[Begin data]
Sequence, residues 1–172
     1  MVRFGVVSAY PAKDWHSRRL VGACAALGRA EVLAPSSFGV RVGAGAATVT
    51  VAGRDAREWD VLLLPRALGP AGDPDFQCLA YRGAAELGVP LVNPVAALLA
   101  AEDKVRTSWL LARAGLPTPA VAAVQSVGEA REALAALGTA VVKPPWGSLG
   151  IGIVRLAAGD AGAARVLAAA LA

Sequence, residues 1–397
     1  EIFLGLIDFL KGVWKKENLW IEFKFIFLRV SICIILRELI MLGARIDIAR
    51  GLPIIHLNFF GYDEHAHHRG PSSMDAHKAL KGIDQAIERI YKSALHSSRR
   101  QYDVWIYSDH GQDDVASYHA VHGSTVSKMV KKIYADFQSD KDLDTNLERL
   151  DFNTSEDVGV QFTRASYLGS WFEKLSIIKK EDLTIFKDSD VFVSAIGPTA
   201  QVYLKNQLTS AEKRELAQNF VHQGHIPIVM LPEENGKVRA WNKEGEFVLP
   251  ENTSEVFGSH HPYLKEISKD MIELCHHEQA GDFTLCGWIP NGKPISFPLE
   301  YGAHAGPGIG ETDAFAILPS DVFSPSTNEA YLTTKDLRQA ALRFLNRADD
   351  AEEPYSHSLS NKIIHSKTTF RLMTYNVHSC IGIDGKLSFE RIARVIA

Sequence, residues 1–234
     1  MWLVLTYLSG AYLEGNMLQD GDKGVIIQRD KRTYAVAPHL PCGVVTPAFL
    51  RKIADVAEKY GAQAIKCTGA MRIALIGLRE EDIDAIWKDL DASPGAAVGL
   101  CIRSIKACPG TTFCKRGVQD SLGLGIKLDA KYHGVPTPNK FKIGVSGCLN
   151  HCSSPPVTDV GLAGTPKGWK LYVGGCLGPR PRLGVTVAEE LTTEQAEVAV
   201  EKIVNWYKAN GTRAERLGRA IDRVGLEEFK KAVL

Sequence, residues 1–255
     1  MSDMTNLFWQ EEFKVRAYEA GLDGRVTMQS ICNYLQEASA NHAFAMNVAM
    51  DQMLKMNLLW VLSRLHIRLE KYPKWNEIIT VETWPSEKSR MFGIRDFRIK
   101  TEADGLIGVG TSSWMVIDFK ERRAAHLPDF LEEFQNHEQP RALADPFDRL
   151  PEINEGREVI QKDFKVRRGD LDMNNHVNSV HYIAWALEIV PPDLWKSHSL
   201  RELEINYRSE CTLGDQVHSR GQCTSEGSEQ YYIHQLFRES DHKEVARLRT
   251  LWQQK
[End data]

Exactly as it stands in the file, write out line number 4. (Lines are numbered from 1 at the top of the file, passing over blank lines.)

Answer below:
   101  AEDKVRTSWL LARAGLPTPA VAAVQSVGEA REALAALGTA VVKPPWGSLG